Needless to say, I did not make it to August 30th. On August 24th, I went to my weekly OB check up, and my blood pressure was high. The doctor sent me to the hospital for monitoring at which point after several more high blood pressure readings, the attending OB had said because I was considered full term, I should be induced. He contacted my team in the city, and they insisted we come down for monitoring. They, too, recommended we start induction. Baby boy was on his way! Our labor process took 3 days, and at 12:15pm on Wednesday, August 26th I was fully dialated and our little boy was on his way. We had to hurry. They transported us to an OR because we needed more room as our baby had a team of 15+ doctors waiting for him.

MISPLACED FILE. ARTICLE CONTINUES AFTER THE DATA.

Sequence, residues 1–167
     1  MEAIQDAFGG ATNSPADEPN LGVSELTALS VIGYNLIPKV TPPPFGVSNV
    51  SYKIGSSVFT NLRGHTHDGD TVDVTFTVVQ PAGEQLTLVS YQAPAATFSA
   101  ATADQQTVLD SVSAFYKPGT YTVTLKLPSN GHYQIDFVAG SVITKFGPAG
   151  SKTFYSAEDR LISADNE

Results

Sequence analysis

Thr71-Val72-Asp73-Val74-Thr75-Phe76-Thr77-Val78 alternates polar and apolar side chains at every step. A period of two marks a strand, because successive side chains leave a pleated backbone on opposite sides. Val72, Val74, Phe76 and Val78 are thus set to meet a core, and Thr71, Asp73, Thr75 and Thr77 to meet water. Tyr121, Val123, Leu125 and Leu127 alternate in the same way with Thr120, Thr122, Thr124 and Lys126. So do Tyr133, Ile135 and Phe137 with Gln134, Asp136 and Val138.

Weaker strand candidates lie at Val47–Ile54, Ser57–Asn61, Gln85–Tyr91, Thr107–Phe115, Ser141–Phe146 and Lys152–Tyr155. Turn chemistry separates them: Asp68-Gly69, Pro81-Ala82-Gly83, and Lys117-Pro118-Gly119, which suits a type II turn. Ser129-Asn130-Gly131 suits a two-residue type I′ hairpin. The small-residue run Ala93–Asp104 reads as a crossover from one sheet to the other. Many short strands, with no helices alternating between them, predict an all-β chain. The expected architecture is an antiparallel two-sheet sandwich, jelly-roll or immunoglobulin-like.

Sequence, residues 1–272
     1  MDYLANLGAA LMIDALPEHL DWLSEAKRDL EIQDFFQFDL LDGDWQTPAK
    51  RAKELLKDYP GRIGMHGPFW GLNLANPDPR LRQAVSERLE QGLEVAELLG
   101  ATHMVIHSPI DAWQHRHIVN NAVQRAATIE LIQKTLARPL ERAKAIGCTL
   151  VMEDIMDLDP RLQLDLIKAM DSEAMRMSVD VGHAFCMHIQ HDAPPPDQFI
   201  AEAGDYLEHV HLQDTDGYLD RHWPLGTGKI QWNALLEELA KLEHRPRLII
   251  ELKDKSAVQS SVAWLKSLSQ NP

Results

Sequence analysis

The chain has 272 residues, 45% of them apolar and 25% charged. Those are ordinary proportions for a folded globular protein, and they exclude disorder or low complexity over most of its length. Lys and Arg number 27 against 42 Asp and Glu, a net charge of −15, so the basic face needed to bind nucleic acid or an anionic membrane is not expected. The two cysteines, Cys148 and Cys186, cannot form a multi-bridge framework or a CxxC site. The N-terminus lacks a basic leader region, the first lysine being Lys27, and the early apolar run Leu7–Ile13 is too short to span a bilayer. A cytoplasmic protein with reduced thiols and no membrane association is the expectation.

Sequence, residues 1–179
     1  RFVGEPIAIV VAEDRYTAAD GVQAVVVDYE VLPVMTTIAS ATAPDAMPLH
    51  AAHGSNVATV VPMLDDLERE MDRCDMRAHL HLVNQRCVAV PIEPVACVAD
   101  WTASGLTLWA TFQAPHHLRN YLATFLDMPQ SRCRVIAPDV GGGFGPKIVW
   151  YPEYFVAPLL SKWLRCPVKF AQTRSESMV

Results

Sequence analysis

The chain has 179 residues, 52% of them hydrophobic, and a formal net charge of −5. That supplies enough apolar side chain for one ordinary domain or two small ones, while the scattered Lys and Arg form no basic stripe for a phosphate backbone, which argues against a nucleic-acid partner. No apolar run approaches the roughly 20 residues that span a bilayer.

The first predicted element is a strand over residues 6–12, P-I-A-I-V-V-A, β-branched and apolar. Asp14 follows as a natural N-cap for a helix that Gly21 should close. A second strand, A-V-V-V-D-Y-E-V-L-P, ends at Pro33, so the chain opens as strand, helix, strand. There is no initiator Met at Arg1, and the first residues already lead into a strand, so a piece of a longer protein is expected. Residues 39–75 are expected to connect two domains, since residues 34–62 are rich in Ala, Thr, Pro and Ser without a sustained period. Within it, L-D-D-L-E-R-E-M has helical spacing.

After 5 pushes in less than 20 minutes he was here. Ryan Matthew. I never fell in love so quickly before in my life. I was mesmerized and once again shocked. He looked just like his father. I thought for sure he would look like his momma.
They swept him away to the NICU and me off the recovery. At about 5:30pm that evening, the pediatric cardiologist came into my room and stated that the baby needed to be transfered to the children’s hospital to get the catheterization procedure done as soon as possible. My husband and I quickly went to the NICU so I could see our sweet baby before he went to a different hospital. I remember looking at him, and as I started talking, he turned his head and looked at me with the biggest blue eyes, and the rosiest red cheeks I had ever seen… My God, was he his fathers son, a spitting image to be exact. My time was too short with my baby, but they needed to get him to the children’s hospital. I kissed his sweet hand and turned to my husband and told him to make sure he talked to baby Ryan and to tell him all about our plans for him.